Conflict of Interest

RJS, SD, RT and MEKM declare no conflicts of interest.

References

  1. Nowak AJ. Pediatric dentistry: infancy through adolescence. 3rd Torontno: Saunders WB (1999).
  2. Seow W. Oral complications of premature birth. Aust Dent J 31 (1989): 23-29.
  3. Li Y, Navia J, Bian J. Caries experience in deciduous dentition of rural Chinese children 3-5 years old in relation to the presence or absence of enamel hypoplasia. Caries Res 30 (1996): 8-15.
  4. Kanchanakamol U, Tuongratanaphan S, Tuongratanaphan S, et al. Prevalence of developmental enamel defects and dental caries in rural pre-school Thai children. Community Dent Health 13 (1996): 204-207.
  5. Pascoe L, Seow W. Enamel hypoplasia and dental caries in Australian aboriginal children: prevalence and correlation between the two diseases. Pediatr Dent 16 (1994): 193-199.
  6. Caufield PW, Li Y, Bromage TG. Hypoplasia-associated severe early childhood caries--a proposed definition. J.Dent Res 91 (2012): 544-550.
  7. Commission on Oral Health RE. A review of the developmental defects of enamel index (DDE Index). Int Dent J 42 (1992): 411-426.
  8. Dabiri D, Eckert GJ, Li Y, et al. Diagnosing Developmental Defects of Enamel: Pilot Study of Online Training and Accuracy. Pediatr Dent 40 (2018): 105-109.
  9. Yadav P, Saha S, Jagannath GV, et al. Prevalence and Association of Developmental Defects of Enamel with, Dental- Caries and Nutritional Status in Pre-School Children, Lucknow. J Clin Diagn Res 9 (2015): 71-74.
  10. Seow W. Enamel hypoplasia in the primary dentition: a review. ASDC J Dent Child 58 (1991): 441-452.
  11. Commission on Oral Health RaE. An epidemiological index of developmental defects of dental enamel (DDE Index). Int Dent J 32 (1982): 159-167.
  12. Organization WH. Oral health surveys: basic methods. In Ed.: Organization WH. 4th Geneva (1997).
  13. Giunta J. Dental changes in hypervitaminosis D. Oral Surg Oral Med Oral Pathol Oral Radiol Endod 85 (1998): 410-413.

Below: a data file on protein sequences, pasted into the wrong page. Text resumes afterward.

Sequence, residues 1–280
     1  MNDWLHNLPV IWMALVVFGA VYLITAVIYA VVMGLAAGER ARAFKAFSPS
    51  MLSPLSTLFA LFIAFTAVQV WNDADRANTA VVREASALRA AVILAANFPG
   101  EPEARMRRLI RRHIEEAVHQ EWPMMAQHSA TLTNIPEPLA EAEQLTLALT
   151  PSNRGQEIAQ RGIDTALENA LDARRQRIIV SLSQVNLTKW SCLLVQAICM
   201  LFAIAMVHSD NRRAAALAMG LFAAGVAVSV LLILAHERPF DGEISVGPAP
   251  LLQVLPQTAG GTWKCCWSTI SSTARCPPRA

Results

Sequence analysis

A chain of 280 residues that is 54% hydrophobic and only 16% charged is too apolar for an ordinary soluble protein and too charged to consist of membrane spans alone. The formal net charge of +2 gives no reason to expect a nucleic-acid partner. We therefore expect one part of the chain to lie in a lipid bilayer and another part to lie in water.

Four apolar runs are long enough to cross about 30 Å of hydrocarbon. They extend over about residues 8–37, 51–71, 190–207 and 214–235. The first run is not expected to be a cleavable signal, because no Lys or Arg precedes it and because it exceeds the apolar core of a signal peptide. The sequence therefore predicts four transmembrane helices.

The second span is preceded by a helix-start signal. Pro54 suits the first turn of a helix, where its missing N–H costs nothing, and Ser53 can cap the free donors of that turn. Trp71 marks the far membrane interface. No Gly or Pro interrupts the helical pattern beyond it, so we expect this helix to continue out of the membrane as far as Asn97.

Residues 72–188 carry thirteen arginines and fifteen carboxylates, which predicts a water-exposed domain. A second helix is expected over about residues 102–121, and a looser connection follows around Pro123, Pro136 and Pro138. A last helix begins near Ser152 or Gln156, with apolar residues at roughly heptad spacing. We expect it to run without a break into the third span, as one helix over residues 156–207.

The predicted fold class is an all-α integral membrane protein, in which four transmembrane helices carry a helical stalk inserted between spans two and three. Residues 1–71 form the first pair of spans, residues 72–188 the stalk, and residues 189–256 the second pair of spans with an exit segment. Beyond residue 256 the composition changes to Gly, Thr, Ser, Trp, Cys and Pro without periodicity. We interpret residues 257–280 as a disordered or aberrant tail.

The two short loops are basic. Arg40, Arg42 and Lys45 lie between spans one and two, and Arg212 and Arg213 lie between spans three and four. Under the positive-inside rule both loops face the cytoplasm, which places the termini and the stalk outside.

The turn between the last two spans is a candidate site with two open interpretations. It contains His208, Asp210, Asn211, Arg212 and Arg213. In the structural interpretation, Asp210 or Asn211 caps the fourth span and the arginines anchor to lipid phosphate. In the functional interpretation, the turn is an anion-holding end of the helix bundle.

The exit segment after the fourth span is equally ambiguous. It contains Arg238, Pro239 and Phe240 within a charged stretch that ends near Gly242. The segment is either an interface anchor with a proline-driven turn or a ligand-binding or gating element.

14. Salanitri S, Seow W. Developmental enamel defects in the primary dentition: aetiology and clinical management. Aust Dent J 58 (2013): 133-140.
  15. Cockburn F, Belton N, Purvis R, et al. Maternal vitamin D intake and mineral metabolism in mothers and their newborn infants. Br Med J 281 (1980): 11-14.
  16. Seow W, Young W, Tsang A, et al. A study of primary dental enamel from preterm and full-term children using light and scanning electron microscopy. Pediatr Dent 27 (2006): 374-379.
  17. Li Y, Navia J, Bian J. Prevalence and distribution of developmental enamel defects in primary dentition of Chinese children 3-5 years old. Community Dent Oral Epidemiol 23 (1995): 72-79.
  18. Seow W, Perham S. Enamel hypoplasia in prematurely-born children: a scanning electron microscopic study. J Pedod 14 (1990): 235-239.
  19. Seow W. Biological mechanisms of early childhood caries. Community Dent Oral Epidemiol 26 (1998): 8-27.
  20. Needleman H, Allred E, Bellinger D, et al. Antecedents and correlates of hypoplastic enamel defects of primary incisors. Pediatr Dent 14 (1992): 158-166.
  21. Sweeney E, Saffir A, De Leon R. Linear hypoplasia of deciduous incisor teeth in malnourished children. Am J Clin Nutr 24 (1971): 29-31.
  22. Lukacs R, Walimbe S, Floyd B. Epidemiology of enamel hypoplasia in deciduous teeth: explaining variation in prevalence in western India. Am J Hum Biol 13 (2001): 788-807.
  23. Mellander M, Noren J, Freden H, et al. Mineralization defects in deciduous teeth of low birthweight infants. Acta Paediatr Scand 71 (1982): 727-733.
  24. Slayton R, Warren J, Kanellis M, et al. Prevalence of enamel hypoplasia and isolated opacities in the primary dentition. Pediatr Dent 23 (2001): 32-36.
  25. Schroth RJ, Lavelle C, Tate R, et al. Prenatal Vitamin D and Dental Caries in Infants. Pediatrics 133 (2014): 1277-1284.
  26. A review of the developmental defects of enamel index (DDE Index). Commission on Oral Health, Research & Epidemiology. Report of an FDI Working Group. Int Dent J 42 (1992): 411-426.
  27. American Academy of Pediatric D. Policy on Early Childhood Caries (ECC): Classifications, Consequences, and Preventive Strategies. Pediatr Dent 39 (2017): 59-61.
  28. Reed S, Voronca D, Wingate J, et al. Prenatal vitamin D and enamel hypoplasia in human primary maxillary central incisors: a pilot study Pediatr Dent 27 (2017): 21-28.
  29. Aine L, Backstrom M, Maki R, et al. Enamel defects in primary and permanent teeth of children born prematurely. J Oral Pathol Med 29 (2000): 403-409.
  30. Lacruz R, Habelitz S, Wright J, Paine M. Dental Enamel Formation and Implications for Oral Health and Disease. Physiol Rev 97 (2017): 939-993.
  31. Guggenheimer J, Nowak A. Dental manifestations of the rubella syndrome. Oral Surg Oral Med Oral Pathol 32 (1971): 30-37.
  32. Corrêa-Faria P, Martins-Júnior P, Vieira-Andrade R, et al. Perinatal factors associated with developmental defects of enamel in primary teeth: a case-control study. Braz Oral Res 27 (2013): 363-368.

© 2016-2021, Copyrights Fortune Journals. All Rights Reserved!